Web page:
Return to Vietnam

The Jolly Green Giants and the DSF

The Air Force was charged with combat search and rescue operations in Vietnam. The 37th Aerospace and Recovery Squadron flew the missions from Da Nang airbase using HH-3 Jolly Green Giants. The 31st ARS flew long-range mission using HU-16 seaplanes flying out of Clark AFB. From 1968 to 1973, Coast Guard pilots participated in a pilot exchange program. Two fixed-wing pilots flew out of Clark. By 1968, aerial refueling probes had been developed for the HH-3, so the HU-16s were no longer needed. The Coast Guard pilots transitioned to the KC-130s used to refuel the HH-3s. Three Coast Guard helo pilots flew out of Da Nang. They were determined to show the Air Force, and the world, that Coast Guard pilots could fly combat missions. They developed a code, “Three of many”, and acquitted themselves well with their Air Force brethren. The Jolly Greens generally flew in pairs, a “high bird” to provide cover and a “low bird” to make the pickup.

Actions included:

On 9 June 1968, a Marine Skyhawk pilot went down 37 miles west of Hue in the A Shau Valley. He had a broken arm and leg. He was in the middle of a VC bivouac area, and the VC were using him as bait to lure the Jolly Greens into weapons range. After A-1s Sandies blasted the area, the low bird made three attempts to get the Marine, but was driven off with severe damage. After another Sandy run, the high bird, flown by LT Jack Ritticher, USCG, went in. On his second attempt, his helo was hit, crashed, and exploded. Ritticher was awarded a Silver Star Medal and Purple Heart Medal for this action. He had previously been awarded the Distinguished Flying Cross with two oak leaf clusters, and the Air Medal with three oak leaf clusters. His body was recovered in 2002.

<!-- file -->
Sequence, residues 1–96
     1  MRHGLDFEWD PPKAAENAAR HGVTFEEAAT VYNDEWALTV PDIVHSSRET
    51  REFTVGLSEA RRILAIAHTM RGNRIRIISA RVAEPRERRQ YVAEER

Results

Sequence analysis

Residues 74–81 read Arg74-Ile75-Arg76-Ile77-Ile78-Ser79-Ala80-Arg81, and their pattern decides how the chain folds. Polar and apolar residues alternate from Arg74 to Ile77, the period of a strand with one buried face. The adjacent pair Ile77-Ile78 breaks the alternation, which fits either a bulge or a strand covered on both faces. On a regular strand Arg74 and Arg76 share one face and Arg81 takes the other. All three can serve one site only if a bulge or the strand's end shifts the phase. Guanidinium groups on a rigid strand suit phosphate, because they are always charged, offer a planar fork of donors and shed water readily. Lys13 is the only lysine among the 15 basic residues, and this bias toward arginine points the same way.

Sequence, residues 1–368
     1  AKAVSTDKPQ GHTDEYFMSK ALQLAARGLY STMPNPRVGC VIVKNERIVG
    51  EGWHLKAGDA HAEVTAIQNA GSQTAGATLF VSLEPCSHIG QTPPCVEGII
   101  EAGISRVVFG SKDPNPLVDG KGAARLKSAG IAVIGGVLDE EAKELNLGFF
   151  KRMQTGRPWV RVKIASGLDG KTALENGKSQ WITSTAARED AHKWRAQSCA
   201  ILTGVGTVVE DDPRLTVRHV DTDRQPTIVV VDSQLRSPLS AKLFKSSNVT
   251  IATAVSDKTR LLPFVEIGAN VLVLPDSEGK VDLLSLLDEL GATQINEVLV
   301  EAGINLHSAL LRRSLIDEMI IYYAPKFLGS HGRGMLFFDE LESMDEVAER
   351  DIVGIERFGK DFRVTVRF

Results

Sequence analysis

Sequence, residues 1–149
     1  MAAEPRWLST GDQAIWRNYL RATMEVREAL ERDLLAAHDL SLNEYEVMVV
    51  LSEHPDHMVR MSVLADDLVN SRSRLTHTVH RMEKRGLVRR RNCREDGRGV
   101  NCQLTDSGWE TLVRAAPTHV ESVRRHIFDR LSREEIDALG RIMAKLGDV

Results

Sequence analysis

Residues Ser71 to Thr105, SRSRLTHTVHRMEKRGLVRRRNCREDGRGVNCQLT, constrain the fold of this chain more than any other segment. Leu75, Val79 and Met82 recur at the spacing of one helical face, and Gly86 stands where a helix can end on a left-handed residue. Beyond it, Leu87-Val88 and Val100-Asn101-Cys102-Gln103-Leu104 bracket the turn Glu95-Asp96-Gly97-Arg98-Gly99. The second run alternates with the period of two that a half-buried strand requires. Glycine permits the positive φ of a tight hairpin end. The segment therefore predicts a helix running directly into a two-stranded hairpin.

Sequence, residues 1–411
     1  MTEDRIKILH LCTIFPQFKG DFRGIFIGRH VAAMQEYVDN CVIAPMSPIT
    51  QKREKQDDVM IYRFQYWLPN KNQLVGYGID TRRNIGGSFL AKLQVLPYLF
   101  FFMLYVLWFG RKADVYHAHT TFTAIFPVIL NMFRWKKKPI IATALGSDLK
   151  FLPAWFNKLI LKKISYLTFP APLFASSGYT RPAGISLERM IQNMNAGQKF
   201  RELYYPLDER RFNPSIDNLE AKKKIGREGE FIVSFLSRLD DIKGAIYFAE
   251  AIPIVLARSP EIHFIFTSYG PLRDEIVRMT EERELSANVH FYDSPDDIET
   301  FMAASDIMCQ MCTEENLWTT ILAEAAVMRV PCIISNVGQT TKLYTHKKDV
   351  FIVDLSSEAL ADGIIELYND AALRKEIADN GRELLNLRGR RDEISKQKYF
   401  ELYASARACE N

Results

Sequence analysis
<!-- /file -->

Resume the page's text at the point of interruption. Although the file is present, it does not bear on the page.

On 1 July, a pilot went down about 17 miles northwest of Dong Ha, just across the DMZ. Six rescue attempts were thwarted by heavy fire before night fell. The next morning, LT Richard Egan, USCG, made an attempt. He made contact with the pilot who deployed a smoke marker. Egan dove for the smoke and lowered his Pararescueman who found the pilot and brought him back to the hoist. As the hoist was being raised, a burst of fire smashed the helo’s windshield. Egan held his hover until the hoist cleared the trees, and then shot off a full throttle to Dong ha hospital with the two men still dangling from the hoist. His aircraft had taken 40 hits.
On 30 November 1972, the Air Force transferred the 37th ARS to Thailand for duty with the 40th ARS. A total of 12 Coast Guard pilots flew in Vietnam. Two others flew out of Thailand. The last Coast Guard pilots departed Thailand on 14 July 1973.